Venerable John Henry Newman wrote to his sister Jemima:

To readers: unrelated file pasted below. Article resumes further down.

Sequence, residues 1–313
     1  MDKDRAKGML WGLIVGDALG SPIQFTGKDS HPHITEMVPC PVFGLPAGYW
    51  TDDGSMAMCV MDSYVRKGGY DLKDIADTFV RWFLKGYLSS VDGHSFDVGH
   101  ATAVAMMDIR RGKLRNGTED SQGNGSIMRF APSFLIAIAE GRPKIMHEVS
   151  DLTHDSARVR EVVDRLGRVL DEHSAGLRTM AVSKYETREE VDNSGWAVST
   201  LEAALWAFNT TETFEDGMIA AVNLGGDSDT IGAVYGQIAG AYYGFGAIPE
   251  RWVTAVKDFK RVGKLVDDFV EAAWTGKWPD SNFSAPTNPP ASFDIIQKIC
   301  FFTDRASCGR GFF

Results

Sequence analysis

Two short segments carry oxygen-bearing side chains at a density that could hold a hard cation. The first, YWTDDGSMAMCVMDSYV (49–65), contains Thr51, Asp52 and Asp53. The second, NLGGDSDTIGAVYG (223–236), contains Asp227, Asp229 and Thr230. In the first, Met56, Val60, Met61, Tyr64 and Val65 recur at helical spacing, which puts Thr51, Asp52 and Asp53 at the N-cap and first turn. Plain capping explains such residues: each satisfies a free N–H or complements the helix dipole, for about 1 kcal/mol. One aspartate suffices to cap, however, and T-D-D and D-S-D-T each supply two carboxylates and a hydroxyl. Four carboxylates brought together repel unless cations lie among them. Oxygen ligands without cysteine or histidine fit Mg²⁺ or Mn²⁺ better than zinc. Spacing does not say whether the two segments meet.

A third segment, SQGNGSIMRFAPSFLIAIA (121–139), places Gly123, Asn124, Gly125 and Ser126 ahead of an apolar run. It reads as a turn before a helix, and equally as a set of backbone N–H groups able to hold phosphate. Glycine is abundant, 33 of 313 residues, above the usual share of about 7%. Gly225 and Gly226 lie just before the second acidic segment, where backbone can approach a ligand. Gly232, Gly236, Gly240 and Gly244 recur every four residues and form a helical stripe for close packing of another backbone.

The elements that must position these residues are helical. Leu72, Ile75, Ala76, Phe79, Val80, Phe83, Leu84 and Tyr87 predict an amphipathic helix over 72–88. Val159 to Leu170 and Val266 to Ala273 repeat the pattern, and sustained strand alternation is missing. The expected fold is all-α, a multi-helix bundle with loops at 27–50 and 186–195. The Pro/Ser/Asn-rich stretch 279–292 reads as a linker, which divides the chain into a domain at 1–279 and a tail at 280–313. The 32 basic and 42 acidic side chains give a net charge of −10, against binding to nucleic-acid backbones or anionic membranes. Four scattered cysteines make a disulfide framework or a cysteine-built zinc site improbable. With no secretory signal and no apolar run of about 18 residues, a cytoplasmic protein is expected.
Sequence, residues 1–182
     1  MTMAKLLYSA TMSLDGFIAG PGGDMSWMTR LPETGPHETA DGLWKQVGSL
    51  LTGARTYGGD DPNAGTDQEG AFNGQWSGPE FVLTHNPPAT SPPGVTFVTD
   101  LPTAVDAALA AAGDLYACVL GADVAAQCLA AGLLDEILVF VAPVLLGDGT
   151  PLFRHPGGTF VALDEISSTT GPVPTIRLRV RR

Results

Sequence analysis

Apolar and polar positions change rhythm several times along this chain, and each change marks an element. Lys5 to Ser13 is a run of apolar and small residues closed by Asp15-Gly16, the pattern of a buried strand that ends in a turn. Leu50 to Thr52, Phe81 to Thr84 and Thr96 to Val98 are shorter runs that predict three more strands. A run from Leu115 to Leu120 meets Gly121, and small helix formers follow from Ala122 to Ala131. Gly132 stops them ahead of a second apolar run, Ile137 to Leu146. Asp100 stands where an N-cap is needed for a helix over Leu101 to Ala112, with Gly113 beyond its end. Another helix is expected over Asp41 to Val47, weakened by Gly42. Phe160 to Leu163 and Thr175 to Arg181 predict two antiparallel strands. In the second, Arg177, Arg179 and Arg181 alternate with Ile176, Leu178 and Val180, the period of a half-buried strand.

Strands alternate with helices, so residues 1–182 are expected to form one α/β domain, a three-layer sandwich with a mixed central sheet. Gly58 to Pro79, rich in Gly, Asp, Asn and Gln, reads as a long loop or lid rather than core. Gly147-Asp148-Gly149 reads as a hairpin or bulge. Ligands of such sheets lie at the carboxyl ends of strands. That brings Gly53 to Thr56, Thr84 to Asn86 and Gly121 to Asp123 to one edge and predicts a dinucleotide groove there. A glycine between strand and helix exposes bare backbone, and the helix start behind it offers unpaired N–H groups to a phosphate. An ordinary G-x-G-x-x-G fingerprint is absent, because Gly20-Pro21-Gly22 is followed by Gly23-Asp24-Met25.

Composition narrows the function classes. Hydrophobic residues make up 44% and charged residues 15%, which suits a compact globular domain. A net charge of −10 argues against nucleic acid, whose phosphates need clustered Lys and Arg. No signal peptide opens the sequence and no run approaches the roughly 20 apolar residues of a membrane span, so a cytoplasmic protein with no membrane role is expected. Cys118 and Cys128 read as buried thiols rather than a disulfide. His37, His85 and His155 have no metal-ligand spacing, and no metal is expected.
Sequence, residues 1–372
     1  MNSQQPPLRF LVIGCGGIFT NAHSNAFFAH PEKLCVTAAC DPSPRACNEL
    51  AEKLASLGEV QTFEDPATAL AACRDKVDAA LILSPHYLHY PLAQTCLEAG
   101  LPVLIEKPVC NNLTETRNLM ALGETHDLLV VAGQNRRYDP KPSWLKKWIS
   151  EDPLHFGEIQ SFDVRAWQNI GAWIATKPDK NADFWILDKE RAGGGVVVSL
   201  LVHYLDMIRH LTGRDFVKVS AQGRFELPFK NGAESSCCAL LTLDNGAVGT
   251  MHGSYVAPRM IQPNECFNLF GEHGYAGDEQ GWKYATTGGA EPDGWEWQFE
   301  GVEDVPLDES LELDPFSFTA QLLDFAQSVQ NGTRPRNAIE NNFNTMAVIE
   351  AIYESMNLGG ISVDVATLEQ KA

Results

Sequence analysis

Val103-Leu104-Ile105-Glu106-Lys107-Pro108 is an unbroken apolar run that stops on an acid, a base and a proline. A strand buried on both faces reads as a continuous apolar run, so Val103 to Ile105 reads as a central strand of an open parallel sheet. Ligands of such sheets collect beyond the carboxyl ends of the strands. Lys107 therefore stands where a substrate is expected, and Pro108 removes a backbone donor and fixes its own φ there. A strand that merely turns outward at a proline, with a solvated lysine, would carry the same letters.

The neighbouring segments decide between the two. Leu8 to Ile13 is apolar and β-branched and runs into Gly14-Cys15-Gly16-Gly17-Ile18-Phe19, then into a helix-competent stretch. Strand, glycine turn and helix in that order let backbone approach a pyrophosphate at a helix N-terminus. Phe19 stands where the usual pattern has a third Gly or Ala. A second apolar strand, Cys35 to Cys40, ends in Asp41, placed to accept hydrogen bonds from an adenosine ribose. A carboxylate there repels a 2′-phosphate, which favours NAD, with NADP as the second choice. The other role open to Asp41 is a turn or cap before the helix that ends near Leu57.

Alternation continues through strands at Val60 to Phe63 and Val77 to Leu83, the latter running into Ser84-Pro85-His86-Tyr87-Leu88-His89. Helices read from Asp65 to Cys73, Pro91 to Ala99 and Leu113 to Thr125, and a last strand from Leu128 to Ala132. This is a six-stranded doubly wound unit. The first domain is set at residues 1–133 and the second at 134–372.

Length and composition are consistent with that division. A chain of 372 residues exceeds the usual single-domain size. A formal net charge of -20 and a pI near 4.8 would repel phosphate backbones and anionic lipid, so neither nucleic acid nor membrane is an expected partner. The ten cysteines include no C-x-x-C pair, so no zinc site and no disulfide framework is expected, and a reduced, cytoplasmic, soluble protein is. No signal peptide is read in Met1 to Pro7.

I am very sorry to make you anxious, but do not know what to do. I don't like you to be ignorant of my state of mind, yet don't like to tease you with my rigmarole statements. Unless anything happened which I considered a divine call, and beyond all calculation, I never should take anyone by surprise, and therefore you need not alarm yourself as if anything were happening. But if I judge of the future by the past, and when I recollect the long time, now nearly five years, that certain views and feelings have been more or less familiar to me, and sometimes pressing on me, it would seem as if anything might happen. And I must confess that they are very much clearer and stronger than they were even a year ago. I can no more calculate how soon they may affect my will and become practical, than a person who has long had a bodily ailment on him (though I hope and trust it is not an ailment) can tell when it may assume some critical shape, though it may do so any day.